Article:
“Congratulations, Koby. Here’s your new corner office with a view, meet your new executive assistant, and finally here are the keys to the Cavaliers franchise… oh, and by the way, Kyrie Irving wants to be traded. And LeBron James is a free agent next year. Good luck with all that, we’ll leave you to it.”
Since Cleveland Cavaliers owner Dan Gilbert inexplicably let go of David Griffin as the team’s general manager, assistant GM Kobe Altman has stepped into the lead role for the franchise. Now Gilbert is going to remove the interim tag from Altman’s title, according to multiple reports. Adrian Wojnarowski of ESPN was first.
Now that he has the job, all he has to do is find a new home for Irving, who has demanded a trade… or he doesn’t have to. Irving may be traded this summer, but he has two years left on his deal so Altman could just bring him back with LeBron and Kevin Love and make another run at it. Or he could sit back and listen to trade offers from a lot of teams, and if he sees one he likes pounce — Irving (unlike Carmelo Anthony) doesn’t have a no-trade clause, so he can go anywhere. Altman has leverage.
Altman respected around the league, but he took over a team up against the cap and tax, a team that needed to find a way to get more athletic to compete with the Warriors. Instead, the Cavs re-signed Kyle Korver (age 35), signed Jose Calderon (age 36), and re-signed Richard Jefferson (age 37). The Cavs have essentially treaded water this offseason, while Warriors, Celtics, and Rockets all got better. That’s not all on Altman, he was thrown into the job and with the team well into the tax his options were limited. He was handed a near impossible task.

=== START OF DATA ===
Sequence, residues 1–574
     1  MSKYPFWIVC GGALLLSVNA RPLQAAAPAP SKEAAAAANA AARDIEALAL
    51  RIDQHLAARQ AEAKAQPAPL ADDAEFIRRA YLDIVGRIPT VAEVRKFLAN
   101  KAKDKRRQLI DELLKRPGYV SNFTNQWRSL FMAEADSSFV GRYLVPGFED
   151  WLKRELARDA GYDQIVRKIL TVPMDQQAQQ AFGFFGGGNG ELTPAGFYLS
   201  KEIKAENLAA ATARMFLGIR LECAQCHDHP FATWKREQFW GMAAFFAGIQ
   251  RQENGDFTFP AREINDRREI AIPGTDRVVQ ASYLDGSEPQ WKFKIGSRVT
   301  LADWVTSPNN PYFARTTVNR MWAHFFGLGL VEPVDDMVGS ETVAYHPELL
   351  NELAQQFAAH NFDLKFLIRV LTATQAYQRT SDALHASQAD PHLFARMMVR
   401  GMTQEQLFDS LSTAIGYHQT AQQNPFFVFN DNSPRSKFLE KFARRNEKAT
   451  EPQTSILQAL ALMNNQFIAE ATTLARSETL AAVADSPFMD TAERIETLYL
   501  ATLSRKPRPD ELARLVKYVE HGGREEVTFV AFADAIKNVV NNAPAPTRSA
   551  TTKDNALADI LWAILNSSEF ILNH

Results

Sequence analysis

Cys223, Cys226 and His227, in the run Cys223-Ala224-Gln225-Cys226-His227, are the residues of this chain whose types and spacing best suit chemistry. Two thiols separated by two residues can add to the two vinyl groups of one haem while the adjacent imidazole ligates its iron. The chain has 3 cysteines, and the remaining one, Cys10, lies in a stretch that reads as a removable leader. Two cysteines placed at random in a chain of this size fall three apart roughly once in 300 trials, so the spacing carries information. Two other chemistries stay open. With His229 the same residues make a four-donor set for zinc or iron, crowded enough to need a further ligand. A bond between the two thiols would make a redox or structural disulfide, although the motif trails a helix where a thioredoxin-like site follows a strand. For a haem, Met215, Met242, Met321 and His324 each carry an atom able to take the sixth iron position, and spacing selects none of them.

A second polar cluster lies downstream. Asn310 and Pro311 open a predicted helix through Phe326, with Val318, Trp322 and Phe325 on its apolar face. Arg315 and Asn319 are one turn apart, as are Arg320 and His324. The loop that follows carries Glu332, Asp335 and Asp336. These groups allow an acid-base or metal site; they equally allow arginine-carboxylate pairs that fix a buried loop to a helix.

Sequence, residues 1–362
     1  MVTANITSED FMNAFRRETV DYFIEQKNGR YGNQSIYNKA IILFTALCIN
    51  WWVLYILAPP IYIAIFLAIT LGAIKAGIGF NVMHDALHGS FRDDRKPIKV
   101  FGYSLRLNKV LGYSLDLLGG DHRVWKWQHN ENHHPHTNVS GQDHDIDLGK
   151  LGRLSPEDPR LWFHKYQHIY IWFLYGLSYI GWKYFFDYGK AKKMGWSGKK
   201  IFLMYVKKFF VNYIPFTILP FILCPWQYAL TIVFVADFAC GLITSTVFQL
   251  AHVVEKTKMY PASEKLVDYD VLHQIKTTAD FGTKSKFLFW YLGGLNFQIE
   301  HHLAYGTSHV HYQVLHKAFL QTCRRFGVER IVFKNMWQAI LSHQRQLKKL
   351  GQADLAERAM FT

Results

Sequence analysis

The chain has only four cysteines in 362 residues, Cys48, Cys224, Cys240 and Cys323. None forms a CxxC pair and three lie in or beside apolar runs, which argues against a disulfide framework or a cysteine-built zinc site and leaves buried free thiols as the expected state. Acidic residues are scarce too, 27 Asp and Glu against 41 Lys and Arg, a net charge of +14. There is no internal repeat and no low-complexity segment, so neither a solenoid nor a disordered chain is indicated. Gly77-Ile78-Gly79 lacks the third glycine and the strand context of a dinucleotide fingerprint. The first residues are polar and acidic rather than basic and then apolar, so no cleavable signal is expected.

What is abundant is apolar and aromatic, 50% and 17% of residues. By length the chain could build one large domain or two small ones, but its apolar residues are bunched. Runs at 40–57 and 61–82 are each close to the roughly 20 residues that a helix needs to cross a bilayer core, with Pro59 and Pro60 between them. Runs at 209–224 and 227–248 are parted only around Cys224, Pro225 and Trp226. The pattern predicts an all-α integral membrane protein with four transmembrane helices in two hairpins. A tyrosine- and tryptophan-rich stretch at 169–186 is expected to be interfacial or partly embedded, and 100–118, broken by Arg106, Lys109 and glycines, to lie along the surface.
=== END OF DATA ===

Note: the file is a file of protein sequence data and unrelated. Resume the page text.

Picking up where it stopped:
Now Altman gets to own that task. Enjoy.
The Cavaliers have had a dud of an offseason.
Cavs owner Dan Gilbert ousted general manager David Griffin just before the draft and didn’t offer enough money to lure Chauncey Billups as a replacement. Cleveland still hasn’t named a long-term front-office leader.
In the meantime, the Cavaliers have made a few low-key moves – signing Jose Calderon, Jeff Green and Cedi Osman and re-signing Kyle Korver. They reportedly won’t re-sign James Jones. They didn’t get Jamal Crawford or trade for Jimmy Butler or Paul George.
LeBron James noticed.
Jeff Zillgitt of USA Today:
LeBron James, the NBA’s most powerful player and biggest star who brought the Cleveland Cavaliers their first NBA championship, is concerned about the Cavaliers’ offseason, a person close to the situation told USA TODAY Sports.
Expecting an aggressive offseason approach that would close the gap on the champion Golden State Warriors, James soon found his anticipation and optimism diminished after Cavaliers owner Dan Gilbert dismantled the front office, declining days before the draft and free agency to bring back general manager David Griffin and vice president of basketball operations Trent Redden.
Gilbert’s decision left the Cavs without the franchise’s top two front-office execs at a critical time, and it left James frustrated and concerned about the team’s ability to put together a roster that can better compete with Golden State, the person with direct knowledge of James’ thinking told USA TODAY Sports.
So, Los Angeles, huh?
LeBron is not shy about pressuring Gilbert. The Cavs’ payroll is high, but the roster lags well behind the Warriors. Cleveland hasn’t used its full mid-level exception, and without someone authorized to take long-term control of the front office, nobody has the vision to go after the league’s available stars like Butler and George. With the Cavaliers’ championship window still open, this was a terrible time to stall.
And, of course, LeBron can be a free agent next summer. There’s still time to make amends and/or hope the Lakers look less appealing than they do on paper now, though others suitors will race out of the woodwork if LeBron shows any inclination of leaving.
It seems the Cavs are doing a decent job of alienating their superstar and giving other teams hope.
The Cavaliers’ bench is ancient.